One Family Mission (formerly 1013 Missions) works through church partnerships to promote education, agriculture based life skills, and small business ventures as a means to care for orphaned & abandoned children and reduce child abandonment in Haiti.
We are thrilled to announce the approach of our 3rd annual Fundraiser! This year's art fair has been refined and focused to feature vendors that are ethical, missional, or fair, giving added purpose to each of your purchases!
What does ethical, missional, and fair mean? It means that our vendors believe in making the world a better place! By purchasing products featured at this year's GLOBAL FAIR, you'll be helping empower minorities and survivors around the world, fighting global poverty, encouraging local and global artisans, contributing to ethical, fair trade, and organic practices, and supporting the work of missions and ministries throughout the world, including of course, 1013 Missions' work in Haiti.
These will be two hours packed with purpose, opportunity, and fun! Be sure to have a treat, enjoy Haitian coffee, and enter our raffles.
Don't miss this opportunity to make your purchases matter and help us change the world!
A suggested $2 entry donation will go to supporting the work of 1013 Missions.
Interested Vendors and Volunteers, please email Jack.
Manouchka, the third member of our 40 Day Immersion Team, shares her reflections on the first half of her trip:
I was really nervous at first to join the team, because I didn’t know the place I was going to and I
didn’t know what kind of people I was going to come across (if they are nice people); I was scared of not feeling welcomed. The place I went to before I didn’t feel welcomed. I was nervous about the kids not liking me. It’s completely the opposite of my thoughts. I feel like I am home. I can tell you this is my second home. I love everyone here they are amazing.
I love the friendships I have built here with both the girls and the boys. I feel like they are not just my friends but my family as well. I love every single moment I spend with them, whether it be playing soccer or watching a movie or listening to their stories. I love how I can relate to their stories.
I love the way they care for the kids at “One Family.” I love how they treat the kids and love them as their own children. I love how they live as one family. The children are not viewed as orphans and they care for the kids’ education. The way that everything is in one place, the church, the school and the children’s home including the pastor and his wife don’t have a special home they go to but they lived in the same campus with the children.
I’m happy I had the courage to leave everything and my home to step into the unknown and spend 40 days at One Family.
Another in-depth look at life in Haiti from our 40 Day Immersion Team. This time, from aspiring nurse, Bailie:
I am a fourth of the way through this immersion trip! I already have learned a lot about myself and life and culture in Haiti. Life in Haiti is slower and the days seem longer- there are no pressures of time, and it truly forces you to slow down and take in your surroundings- the good, the bad, the beautiful, and the ugly. I have made friendships that already are strong and I know will be life-long. I have fallen in love even more with the people of Haiti and their hearts for each other and for the furthering of the Kingdom. It has been an INTENSE ten days and has been filled with ups and downs and I have learned way more and way quicker than I expected to!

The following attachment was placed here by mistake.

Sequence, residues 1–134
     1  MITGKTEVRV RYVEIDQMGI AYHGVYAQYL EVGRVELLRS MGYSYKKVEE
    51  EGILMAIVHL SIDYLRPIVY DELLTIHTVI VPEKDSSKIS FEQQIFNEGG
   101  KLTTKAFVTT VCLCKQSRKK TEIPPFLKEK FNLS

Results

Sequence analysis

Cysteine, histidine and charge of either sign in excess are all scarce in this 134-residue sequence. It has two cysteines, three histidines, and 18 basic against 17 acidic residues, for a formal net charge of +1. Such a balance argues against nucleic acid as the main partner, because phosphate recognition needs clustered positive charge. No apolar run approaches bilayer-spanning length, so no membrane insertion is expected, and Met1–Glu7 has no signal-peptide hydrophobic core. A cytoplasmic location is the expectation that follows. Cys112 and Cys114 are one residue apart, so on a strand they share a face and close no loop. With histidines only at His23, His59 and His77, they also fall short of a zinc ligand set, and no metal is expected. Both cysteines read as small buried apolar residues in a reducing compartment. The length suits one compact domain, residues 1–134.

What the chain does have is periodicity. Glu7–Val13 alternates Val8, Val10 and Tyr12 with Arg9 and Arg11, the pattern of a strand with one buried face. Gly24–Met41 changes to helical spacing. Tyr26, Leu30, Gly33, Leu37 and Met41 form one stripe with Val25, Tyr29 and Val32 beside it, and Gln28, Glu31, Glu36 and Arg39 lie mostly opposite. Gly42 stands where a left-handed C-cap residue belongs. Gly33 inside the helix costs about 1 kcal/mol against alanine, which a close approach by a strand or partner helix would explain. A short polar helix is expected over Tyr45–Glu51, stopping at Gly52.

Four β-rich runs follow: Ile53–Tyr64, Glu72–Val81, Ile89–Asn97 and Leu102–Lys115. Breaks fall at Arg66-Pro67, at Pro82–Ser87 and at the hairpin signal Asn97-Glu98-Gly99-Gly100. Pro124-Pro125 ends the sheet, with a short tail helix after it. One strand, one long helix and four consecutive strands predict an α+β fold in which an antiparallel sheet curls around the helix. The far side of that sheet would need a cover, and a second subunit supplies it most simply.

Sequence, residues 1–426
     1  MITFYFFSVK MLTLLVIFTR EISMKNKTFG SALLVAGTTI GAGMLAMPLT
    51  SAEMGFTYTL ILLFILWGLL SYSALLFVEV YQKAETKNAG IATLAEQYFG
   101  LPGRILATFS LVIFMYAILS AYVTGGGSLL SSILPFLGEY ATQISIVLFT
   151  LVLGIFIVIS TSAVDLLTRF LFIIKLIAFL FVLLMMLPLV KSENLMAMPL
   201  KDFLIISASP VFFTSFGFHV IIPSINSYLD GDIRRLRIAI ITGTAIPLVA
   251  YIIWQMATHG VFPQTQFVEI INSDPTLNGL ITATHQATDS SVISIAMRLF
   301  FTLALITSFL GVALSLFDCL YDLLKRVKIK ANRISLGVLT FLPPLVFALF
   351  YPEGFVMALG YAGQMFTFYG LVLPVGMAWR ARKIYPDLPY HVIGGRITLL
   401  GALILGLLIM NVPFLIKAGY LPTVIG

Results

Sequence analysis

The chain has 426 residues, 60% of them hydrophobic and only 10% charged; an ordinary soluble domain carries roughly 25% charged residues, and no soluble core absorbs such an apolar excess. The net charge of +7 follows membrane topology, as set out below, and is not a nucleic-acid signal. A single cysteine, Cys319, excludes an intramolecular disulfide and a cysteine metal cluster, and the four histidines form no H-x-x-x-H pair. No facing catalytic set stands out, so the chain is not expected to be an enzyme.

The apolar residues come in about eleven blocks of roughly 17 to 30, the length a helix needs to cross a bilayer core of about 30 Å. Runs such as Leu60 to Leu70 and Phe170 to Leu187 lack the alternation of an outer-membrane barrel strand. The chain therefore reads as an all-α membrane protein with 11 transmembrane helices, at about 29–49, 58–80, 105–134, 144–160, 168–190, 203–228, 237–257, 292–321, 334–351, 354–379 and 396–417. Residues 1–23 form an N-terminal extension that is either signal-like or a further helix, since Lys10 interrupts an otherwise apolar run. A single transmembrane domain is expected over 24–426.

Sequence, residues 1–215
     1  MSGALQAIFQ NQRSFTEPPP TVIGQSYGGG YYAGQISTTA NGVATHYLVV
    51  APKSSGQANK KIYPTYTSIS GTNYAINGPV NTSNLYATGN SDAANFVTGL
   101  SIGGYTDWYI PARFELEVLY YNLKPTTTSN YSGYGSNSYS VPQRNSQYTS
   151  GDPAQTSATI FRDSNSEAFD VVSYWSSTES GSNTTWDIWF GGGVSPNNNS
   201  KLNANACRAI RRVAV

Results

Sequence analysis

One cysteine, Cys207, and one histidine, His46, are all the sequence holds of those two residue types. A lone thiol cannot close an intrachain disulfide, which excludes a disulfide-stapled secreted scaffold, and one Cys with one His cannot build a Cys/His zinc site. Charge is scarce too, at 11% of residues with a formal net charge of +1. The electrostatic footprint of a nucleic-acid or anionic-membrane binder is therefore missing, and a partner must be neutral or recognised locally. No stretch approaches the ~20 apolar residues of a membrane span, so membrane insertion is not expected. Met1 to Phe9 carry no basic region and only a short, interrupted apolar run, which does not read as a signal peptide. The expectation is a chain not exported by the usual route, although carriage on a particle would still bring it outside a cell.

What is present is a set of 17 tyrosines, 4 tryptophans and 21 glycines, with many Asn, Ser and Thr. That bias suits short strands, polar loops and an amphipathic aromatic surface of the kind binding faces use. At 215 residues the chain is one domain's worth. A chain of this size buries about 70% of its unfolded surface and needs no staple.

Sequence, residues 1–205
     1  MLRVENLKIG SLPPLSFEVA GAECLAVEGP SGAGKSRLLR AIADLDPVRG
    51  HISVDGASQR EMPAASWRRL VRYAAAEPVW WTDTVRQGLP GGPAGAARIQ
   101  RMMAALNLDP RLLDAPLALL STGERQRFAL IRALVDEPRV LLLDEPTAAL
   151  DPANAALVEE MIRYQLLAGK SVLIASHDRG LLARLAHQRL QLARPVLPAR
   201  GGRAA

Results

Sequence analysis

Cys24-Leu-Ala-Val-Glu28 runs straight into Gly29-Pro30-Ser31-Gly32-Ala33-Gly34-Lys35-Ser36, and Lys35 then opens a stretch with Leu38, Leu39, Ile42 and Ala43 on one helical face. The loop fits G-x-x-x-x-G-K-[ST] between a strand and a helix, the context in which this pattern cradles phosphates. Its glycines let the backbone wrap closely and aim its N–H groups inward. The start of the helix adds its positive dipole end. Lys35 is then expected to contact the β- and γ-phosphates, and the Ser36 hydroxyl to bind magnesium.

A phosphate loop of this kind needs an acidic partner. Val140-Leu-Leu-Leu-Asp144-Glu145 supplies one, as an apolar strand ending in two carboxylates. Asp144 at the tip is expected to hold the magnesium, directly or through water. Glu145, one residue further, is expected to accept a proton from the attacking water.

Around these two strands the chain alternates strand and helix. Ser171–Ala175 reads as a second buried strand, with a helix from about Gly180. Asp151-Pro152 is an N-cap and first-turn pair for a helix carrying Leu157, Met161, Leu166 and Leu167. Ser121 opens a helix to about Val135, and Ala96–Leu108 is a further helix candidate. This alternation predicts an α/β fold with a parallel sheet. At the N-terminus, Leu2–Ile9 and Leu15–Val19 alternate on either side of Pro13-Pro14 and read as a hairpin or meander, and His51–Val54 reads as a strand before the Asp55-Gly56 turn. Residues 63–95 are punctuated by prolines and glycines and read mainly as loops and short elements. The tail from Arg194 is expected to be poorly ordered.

Bailie and Nurse Magdalene
As an aspiring nurse and a person with a heart and desire to make Haiti my future, I have the unique opportunity to see what medical care is like in Haiti. I am thankful that just across the street from the compound, there is a clinic that serves both the Foundation inhabitants and the surrounding community and is ran by Haitians. I have been taking simple vital signs (pulse, blood pressure, etc.) of patients that come into the clinic and then observing as the nurse treats the ailment at hand in various ways. Although there is still a significant language barrier, it is really cool for me to be able to learn what Haitians believe about medicine, see what my future could involve, and to begin to figure out what role I can play here. I have also been checking in on the children who currently live at the orphanage- we had a few sick babies (who, thanks to a couple great nurses on a team that stayed at One Family this week, were given antibiotics and are doing much better!) and want to ensure it will not spread more. The kids LOVE hearing their own breath sounds and heartbeats through a stethoscope- perhaps there are a few future doctors and nurses in our midst!
Marc, With his hand-made 'stethoscope.'
During my time in Haiti so far, I have been reading and studying the book of Job. A man of privilege and opportunity, he is suddenly plagued with “unnecessary” and “undeserved” suffering. He cries out to God and is direct and persistent in his questions to Him. There is much to learn from Job and his life, but The Message version of the Bible has a passage in the introduction that I feel accurately sums up my personal purpose of this trip.
“So, instead of continuing to focus on preventing suffering- which we simply won’t be very successful at anyway- perhaps we should begin entering the suffering, participating insofar as we are able- entering the mystery and looking around for God. In other words, we need to quit feeling sorry for people and instead look up to them, learn from them, and- if they will let us- join them in protest and prayer. Pity can be nearsighted and condescending; shared suffering can be dignifying and life-changing.”
I am not here to “fix” Haiti- I could not and will not do that on my own. But to enter their suffering, to live life the way they do for a period of time and support them on their journey to and with Jesus…that is how one intricately learns about the people and place they have a desire to serve. It is only after we have entered into that suffering and understand (as much as my American experiences will allow me to) that suffering and becoming part of the community can we even begin to do the work that is planned for us. I knew that coming into the experience, but actually attempting to live it out has made me believe in the mission my team and I are on. I am grateful to be part of this immersion trip and to have the opportunity to learn about this place and the people I love so much!